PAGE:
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'Jail for a day' sanction promoted
Britain should adopt a US-style "jail for a day" sanction for offenders who breach community sentence orders, a new report has recommended.
Putting offenders behind bars for very short terms if they fail to comply with the orders would restore credibility to a community sentence system which is regarded by many as a "laughing stock", the Centre for Social Justice (CSJ) said.
The report found that around one-third of people given a sentence in the community were caught reoffending within a year and some 17,066 offenders had their sentence scrapped in 2012/13 because they did not comply.
Almost 28,000 offenders given community punishments have at least 15 previous convictions or cautions, the CSJ said.
New sanctions modelled on the Swift and Certain programmes operated in around 20 US states could "transform" the justice system in England and Wales, the report stated.
The programmes, which deliver immediate and predictable sanctions for failure to comply with court orders, have been credited with reducing reoffending by up to 50%, the CSJ said.
An offender who fails to turn up for work in the community can be seen by a judge the same day and sent to the cells for short spells of one to three days.
The report's editor Edward Boyd said that the Swift and Certain programmes were dramatically reducing breach rates and reoffending by forcing repeat offenders to take community sentences seriously.
"Many prolific offenders are refusing to take their punishment and rehabilitation seriously and are getting away with it," Mr Boyd said.
"What we have found in the United States is that the consequence of a day or two in prison shows offenders that they have to comply and means they take more responsibility.
"This approach is slashing reoffending rates as offenders realise they can't get away with breaking the rules.
"This new idea offers the Government an opportunity to restore faith in community punishments."
The CSJ said that sentences in the community had been undermined because authorities had a "lackadaisical approach" towards punishing breaches, with the average breach hearing usually not heard for several weeks.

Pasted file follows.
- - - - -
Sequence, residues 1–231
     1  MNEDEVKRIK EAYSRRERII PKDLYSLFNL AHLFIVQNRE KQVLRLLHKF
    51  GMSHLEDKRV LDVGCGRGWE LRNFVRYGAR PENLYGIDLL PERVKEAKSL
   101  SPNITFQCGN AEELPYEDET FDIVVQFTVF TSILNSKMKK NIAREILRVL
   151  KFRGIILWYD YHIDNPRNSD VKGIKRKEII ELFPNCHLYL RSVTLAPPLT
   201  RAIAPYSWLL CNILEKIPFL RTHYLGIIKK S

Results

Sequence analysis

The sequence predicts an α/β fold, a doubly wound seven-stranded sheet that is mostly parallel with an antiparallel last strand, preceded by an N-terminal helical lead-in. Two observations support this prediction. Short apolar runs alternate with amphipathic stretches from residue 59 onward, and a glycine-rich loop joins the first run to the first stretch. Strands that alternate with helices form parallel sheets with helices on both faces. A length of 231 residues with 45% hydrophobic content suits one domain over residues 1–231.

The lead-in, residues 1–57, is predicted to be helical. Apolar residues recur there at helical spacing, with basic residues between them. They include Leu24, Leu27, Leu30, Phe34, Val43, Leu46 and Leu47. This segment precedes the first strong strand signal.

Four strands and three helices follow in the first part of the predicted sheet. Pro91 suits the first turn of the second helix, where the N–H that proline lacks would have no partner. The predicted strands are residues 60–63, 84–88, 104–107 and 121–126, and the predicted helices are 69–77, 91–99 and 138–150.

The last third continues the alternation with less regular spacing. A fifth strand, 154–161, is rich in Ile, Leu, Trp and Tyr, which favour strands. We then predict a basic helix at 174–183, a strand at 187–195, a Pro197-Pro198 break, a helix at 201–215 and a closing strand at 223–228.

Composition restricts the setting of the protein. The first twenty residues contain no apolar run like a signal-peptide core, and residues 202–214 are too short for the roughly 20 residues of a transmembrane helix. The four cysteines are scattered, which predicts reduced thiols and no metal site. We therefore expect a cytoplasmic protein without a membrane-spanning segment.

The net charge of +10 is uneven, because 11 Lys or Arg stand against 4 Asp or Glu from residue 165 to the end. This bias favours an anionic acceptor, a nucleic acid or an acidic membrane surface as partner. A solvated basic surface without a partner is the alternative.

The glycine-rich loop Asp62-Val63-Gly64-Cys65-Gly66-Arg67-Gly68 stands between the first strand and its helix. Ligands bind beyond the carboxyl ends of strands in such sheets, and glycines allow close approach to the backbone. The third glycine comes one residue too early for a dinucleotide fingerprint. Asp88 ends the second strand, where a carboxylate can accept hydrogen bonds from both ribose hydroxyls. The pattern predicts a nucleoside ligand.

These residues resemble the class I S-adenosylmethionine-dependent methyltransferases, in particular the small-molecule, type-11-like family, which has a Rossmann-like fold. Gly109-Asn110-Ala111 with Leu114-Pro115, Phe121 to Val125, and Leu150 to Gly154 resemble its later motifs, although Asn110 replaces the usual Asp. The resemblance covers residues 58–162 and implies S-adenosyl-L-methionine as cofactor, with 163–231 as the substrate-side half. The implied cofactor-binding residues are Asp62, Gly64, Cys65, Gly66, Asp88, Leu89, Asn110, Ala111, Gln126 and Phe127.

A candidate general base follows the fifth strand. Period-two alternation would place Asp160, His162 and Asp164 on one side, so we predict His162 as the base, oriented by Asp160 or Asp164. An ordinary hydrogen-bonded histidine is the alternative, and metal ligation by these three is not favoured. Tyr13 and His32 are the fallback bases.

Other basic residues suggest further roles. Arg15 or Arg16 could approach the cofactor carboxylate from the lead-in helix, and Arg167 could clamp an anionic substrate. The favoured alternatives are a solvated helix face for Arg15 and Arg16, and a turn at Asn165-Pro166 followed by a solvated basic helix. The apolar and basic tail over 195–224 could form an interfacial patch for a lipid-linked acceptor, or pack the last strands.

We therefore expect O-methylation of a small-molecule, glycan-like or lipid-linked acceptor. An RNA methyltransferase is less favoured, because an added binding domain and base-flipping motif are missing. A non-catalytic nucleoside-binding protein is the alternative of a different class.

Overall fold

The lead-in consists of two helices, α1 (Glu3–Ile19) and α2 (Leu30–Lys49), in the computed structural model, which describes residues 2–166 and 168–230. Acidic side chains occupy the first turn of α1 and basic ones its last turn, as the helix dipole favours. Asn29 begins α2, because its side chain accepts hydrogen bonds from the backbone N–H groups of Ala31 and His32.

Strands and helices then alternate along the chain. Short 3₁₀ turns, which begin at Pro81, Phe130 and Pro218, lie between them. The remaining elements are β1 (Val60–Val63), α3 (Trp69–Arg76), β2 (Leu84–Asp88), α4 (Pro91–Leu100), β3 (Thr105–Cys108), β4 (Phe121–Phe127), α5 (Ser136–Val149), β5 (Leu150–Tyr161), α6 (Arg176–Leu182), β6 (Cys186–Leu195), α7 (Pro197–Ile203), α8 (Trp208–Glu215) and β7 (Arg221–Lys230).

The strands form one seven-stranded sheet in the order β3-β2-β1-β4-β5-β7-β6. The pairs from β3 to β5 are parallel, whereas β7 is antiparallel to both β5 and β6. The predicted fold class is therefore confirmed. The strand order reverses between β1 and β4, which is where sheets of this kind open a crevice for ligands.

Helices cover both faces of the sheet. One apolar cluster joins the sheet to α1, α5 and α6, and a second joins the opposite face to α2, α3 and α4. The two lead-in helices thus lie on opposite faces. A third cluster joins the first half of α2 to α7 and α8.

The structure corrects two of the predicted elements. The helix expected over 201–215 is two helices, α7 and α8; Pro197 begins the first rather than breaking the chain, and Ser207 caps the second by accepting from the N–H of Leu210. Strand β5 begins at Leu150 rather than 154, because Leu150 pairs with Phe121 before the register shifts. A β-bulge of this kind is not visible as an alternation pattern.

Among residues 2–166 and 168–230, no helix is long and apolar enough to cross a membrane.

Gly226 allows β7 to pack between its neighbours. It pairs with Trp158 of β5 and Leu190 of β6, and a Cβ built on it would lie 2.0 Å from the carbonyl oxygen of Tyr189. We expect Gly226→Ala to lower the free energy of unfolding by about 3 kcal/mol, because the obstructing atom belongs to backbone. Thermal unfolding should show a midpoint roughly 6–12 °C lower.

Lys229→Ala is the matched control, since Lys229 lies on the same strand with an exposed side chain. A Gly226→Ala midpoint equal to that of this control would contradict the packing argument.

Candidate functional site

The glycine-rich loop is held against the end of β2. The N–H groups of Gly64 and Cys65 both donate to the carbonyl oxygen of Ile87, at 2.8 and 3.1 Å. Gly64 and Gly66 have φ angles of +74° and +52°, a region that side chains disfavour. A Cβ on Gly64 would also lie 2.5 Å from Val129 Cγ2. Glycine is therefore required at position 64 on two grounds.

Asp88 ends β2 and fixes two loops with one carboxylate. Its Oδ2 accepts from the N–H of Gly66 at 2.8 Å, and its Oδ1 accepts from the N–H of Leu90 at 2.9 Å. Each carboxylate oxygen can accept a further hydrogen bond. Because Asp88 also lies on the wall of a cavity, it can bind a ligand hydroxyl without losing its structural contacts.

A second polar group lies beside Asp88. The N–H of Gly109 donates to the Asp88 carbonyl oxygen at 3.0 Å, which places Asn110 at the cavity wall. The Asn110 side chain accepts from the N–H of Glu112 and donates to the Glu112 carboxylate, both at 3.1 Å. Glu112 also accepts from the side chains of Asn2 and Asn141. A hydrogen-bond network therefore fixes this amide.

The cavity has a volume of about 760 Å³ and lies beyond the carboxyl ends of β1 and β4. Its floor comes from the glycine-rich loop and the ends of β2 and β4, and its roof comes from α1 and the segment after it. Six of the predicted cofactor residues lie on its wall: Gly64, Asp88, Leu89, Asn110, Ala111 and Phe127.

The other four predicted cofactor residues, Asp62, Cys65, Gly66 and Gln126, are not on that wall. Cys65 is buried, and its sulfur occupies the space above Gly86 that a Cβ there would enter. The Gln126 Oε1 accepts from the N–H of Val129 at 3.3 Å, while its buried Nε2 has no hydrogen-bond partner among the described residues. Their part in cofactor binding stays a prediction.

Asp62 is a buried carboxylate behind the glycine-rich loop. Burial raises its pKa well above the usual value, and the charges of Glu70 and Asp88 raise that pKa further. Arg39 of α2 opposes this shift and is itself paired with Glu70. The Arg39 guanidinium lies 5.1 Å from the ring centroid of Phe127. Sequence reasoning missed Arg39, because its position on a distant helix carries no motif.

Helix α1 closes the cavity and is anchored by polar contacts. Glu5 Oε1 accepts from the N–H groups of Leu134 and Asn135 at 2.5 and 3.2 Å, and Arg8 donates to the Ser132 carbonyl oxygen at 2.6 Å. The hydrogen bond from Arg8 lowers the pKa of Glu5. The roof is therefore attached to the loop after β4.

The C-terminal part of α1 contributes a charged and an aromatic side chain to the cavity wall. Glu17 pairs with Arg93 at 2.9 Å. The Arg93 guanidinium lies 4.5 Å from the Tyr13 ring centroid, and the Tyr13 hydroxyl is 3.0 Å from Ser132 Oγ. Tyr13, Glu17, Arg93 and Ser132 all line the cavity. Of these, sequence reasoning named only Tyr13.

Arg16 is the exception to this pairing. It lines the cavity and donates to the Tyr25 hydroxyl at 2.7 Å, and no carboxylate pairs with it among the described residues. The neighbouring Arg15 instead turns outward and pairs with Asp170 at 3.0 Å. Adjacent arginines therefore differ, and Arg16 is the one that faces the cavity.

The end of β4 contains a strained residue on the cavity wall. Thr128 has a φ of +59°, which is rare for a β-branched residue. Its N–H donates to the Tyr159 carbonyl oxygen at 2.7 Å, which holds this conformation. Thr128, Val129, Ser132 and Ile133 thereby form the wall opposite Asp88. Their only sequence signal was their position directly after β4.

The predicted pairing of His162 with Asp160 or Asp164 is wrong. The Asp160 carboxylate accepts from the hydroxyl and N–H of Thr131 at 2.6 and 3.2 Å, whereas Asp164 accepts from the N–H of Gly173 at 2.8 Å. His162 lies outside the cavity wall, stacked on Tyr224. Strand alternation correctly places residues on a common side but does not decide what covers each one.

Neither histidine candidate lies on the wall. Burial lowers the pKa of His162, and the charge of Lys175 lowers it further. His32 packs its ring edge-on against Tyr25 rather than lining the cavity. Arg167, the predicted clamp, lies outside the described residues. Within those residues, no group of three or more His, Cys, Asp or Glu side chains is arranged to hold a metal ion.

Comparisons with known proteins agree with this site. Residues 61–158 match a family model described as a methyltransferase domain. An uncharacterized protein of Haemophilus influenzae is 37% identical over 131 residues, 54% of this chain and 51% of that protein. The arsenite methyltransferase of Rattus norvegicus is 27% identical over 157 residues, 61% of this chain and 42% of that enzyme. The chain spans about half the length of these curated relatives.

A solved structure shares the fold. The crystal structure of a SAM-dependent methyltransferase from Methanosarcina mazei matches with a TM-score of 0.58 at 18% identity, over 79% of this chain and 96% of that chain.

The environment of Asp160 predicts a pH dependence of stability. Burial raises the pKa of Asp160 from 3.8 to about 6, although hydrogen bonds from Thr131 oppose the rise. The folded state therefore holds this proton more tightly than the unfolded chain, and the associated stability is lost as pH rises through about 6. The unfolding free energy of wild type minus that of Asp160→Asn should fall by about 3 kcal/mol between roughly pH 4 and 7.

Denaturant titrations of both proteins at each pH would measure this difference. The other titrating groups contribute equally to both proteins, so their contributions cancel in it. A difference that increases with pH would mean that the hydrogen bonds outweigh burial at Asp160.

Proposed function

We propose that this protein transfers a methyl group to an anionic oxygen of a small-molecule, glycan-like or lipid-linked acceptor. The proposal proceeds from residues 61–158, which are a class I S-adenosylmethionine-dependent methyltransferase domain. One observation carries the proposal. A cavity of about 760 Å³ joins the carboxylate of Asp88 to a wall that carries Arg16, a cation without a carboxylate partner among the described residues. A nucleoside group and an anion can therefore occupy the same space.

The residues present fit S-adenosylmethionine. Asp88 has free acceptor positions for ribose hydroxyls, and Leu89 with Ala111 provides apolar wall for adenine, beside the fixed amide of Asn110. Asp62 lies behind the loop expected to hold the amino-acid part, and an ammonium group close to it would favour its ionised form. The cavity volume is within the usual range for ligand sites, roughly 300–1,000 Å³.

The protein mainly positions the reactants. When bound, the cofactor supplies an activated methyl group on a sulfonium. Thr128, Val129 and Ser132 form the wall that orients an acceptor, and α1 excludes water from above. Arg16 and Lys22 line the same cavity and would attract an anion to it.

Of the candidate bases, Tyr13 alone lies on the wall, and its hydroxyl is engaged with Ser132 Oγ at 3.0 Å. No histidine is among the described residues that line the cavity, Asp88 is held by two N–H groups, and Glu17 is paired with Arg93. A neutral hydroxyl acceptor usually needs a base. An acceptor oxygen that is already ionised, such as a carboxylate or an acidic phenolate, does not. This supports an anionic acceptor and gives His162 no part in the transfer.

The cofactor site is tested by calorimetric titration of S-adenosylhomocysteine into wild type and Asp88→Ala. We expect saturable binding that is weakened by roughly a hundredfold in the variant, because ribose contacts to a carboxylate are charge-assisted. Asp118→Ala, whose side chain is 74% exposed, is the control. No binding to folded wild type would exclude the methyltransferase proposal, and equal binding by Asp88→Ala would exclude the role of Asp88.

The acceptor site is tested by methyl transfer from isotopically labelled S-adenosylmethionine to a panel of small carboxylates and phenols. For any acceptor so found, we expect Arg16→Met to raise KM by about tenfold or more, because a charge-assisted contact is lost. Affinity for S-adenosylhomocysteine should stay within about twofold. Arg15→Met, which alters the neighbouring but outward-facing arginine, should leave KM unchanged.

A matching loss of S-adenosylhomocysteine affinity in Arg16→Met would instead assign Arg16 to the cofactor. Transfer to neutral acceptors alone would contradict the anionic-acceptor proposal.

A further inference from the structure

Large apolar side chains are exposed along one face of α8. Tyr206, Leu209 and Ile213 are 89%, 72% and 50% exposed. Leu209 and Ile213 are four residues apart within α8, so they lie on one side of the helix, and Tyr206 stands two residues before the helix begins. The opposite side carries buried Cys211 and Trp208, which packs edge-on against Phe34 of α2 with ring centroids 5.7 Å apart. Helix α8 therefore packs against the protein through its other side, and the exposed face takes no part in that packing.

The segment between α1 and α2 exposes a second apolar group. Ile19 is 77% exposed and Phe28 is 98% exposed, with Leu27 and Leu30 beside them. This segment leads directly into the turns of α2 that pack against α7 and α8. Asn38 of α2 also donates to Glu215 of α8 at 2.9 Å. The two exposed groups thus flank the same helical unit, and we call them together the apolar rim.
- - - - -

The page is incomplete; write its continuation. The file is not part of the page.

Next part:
The report also recommended that new probation providers should inform magistrates of the outcomes of sentences in the community so that they could develop a greater awareness of which interventions were effective at rehabilitating offenders.
It also said courts should do more to include families in rehabilitation efforts.
Justice Minister Jeremy Wright said: "We are determined to tackle the stubbornly high reoffending rates and we recognise the effect that drug addiction plays in leading people into a life of crime. We are changing the law so that the most chaotic offenders will receive extra help to tackle the underlying causes of their offending.
"This report raises some important issues and highlights the very clear fact that offending rates are unacceptably high. That is something we are acutely aware of and is the driving force behind our transforming rehabilitation programme, which will bring together the best of the public, private and voluntary sectors, and only reward them when they do reduce re-offending.
"Tough conditions are available to the judiciary when they impose community sentences. To further toughen community sentences, we are making changes that will mean they will have to contain an element of punishment, such as a curfew or community service, when imposed on adult offenders.
"Anyone who refuses to complete their community sentence can expect to be hauled back in front of a judge and face further punishment."